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Starkey: Stupid Steelers

| Wednesday, Aug. 20, 2014, 11:00 p.m.
Chaz Palla | Trib Total Media
Steelers running back Le'Veon Bell runs against the Giants on Saturday, Aug. 9, 2014, in East Rutherford, N.J.
Chaz Palla | Trib Total Media
Steelers running back LeGarrette Blount runs against the Giants on Saturday, Aug. 9, 2014, in East Rutherford, N.J.

Maybe Ryan Clark was right about some former Steelers teammates smoking pot.

I arrived at PNC Park on Wednesday prepared to write about the Pirates going down in flames. The topic quickly turned to the Steelers going up in smoke.

Rather than chronicling Pirates pitcher (Le)Gerrit Cole, I quickly moved to Steelers running backs LeGarrette “Roll me Another” Blount and Le'Veon Bell, who went all Cheech and Chong before a team trip to Philadelphia.

How incredible is that?

How stupid and disturbingly unprofessional are these guys if all of this is true?

At 2:35 p.m., the Steelers, clearly unaware that their running game had possibly gone to pot, tweeted a photo of newly signed defensive end Brett Keisel making his way through airport security. Good times!

About an hour earlier, though, a Ross traffic officer on motorcycle detected smoke coming from a black Camaro that Bell was driving, with Blount in the passenger seat and a female passenger in the back.

Police say they found 20 grams of pot in the car. They plan to charge Bell and Blount by mail with possession of marijuana. They also said they plan to charge Bell with DUI for driving under the influence of marijuana. Police said Bell, Blount and the woman claimed ownership of the pot.

At first blush, this might not seem like a huge deal (unless, of course, your children were playing in the vicinity of a man possibly driving stoned). And it probably won't be a big deal from a disciplinary perspective. Possession and DUI charges are misdemeanors. The NFL might levy some fines.

Steelers coach Mike Tomlin must do more than that.

Bell is his guy, his draft pick. This is a slap in Tomlin's face if true. It's a massive embarrassment. Tomlin also has to wonder if Blount, 27, is a bad influence on the 22-year-old Bell.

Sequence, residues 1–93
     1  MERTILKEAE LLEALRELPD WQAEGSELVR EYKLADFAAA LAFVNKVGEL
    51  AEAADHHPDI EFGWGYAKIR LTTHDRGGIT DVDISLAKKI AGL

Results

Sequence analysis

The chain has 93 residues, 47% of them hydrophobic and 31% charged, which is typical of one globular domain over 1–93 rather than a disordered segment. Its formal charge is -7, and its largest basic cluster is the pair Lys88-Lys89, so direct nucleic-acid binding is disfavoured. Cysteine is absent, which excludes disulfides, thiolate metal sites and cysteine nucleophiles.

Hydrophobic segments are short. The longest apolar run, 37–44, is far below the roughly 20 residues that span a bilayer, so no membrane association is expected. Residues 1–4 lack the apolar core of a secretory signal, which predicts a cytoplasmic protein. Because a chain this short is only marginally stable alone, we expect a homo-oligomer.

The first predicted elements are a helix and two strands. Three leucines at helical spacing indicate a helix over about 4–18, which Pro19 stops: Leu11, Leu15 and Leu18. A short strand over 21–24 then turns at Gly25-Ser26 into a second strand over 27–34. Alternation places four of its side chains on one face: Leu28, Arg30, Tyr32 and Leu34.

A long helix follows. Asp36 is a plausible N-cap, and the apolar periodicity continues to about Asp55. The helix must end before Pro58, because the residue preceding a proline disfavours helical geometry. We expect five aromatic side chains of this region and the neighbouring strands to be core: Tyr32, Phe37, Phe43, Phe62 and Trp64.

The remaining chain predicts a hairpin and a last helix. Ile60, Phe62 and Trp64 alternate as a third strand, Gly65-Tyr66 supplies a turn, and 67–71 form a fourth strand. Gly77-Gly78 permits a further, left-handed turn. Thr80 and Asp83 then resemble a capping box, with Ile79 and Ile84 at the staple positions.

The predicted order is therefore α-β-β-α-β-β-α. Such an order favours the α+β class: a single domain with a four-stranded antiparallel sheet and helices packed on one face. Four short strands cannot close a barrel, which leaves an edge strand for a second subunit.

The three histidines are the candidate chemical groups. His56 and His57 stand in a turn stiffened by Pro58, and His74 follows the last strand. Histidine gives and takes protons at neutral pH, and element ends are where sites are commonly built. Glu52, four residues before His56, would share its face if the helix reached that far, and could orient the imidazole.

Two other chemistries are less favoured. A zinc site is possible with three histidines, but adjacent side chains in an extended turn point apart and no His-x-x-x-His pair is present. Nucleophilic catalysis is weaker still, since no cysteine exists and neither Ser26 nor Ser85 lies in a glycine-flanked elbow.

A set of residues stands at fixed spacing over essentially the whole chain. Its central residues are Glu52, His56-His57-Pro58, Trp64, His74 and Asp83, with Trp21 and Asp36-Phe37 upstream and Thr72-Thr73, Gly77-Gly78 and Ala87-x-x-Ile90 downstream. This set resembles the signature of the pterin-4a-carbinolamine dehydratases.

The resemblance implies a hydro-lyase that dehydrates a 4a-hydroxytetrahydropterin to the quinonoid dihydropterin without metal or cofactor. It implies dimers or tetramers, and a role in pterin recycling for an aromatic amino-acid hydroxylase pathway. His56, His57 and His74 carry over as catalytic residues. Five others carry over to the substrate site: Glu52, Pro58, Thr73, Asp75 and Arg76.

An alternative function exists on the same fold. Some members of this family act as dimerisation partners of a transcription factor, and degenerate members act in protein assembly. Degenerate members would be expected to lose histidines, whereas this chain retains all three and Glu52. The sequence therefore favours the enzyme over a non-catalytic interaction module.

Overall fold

Do you still want Blount around, or do you want to give him the Jose Tabata treatment and move him away from younger players for fear of poisoning them?

There is precedent with Tomlin regarding this kind of case. He suspended receiver Santonio Holmes for a regular-season game against the New York Giants in 2008 after police charged Holmes with possessing a small amount of marijuana (Holmes helpfully told the officers that he'd smoked pot in the vehicle the day before).

One difference is that Holmes, unlike Bell or Blount, had been through previous legal issues as a member of the Steelers.

Still, if the charges are true, the two showed an incredible lack of respect to Tomlin and the organization.

As such, Tomlin should suspend Bell and Blount for the season opener against the Cleveland Browns, at the very least.

Meanwhile, all of this occurs against the backdrop of the State Attorney's Office in Florida still examining evidence to determine whether it should charge Steelers center Maurkice Pouncey with misdemeanor battery. Pouncey is accused of punching a woman in the face in an alleged altercation at a Miami nightclub.

More information is needed on all fronts, but you have to be wondering if the Steelers might have a severe character problem.

The night at PNC Park, by the way, ended with a dramatic comeback win. No victory cigars, though.

Joe Starkey co-hosts a show 2 to 6 p.m. weekdays on 93.7 FM. Reach him at jraystarkey@gmail.com.

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